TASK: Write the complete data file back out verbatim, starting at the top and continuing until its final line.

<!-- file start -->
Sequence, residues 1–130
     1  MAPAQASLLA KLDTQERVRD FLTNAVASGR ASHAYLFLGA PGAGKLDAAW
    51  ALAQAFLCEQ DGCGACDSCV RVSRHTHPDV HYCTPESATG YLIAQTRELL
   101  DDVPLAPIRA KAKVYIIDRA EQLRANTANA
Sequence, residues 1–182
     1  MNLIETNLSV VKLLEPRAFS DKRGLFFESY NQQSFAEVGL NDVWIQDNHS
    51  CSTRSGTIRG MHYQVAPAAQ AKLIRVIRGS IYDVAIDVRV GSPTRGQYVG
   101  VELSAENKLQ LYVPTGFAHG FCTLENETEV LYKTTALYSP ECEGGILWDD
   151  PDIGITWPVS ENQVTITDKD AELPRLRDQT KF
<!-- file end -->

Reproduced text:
Sequence, residues 1–130
     1  MAPAQASLLA KLDTQERVRD FLTNAVASGR ASHAYLFLGA PGAGKLDAAW
    51  ALAQAFLCEQ DGCGACDSCV RVSRHTHPDV HYCTPESATG YLIAQTRELL
   101  DDVPLAPIRA KAKVYIIDRA EQLRANTANA
Sequence, residues 1–182
     1  MNLIETNLSV VKLLEPRAFS DKRGLFFESY NQQSFAEVGL NDVWIQDNHS
    51  CSTRSGTIRG MHYQVAPAAQ AKLIRVIRGS IYDVAIDVRV GSPTRGQYVG
   101  VELSAENKLQ LYVPTGFAHG FCTLENETEV LYKTTALYSP ECEGGILWDD
   151  PDIGITWPVS ENQVTITDKD AELPRLRDQT KF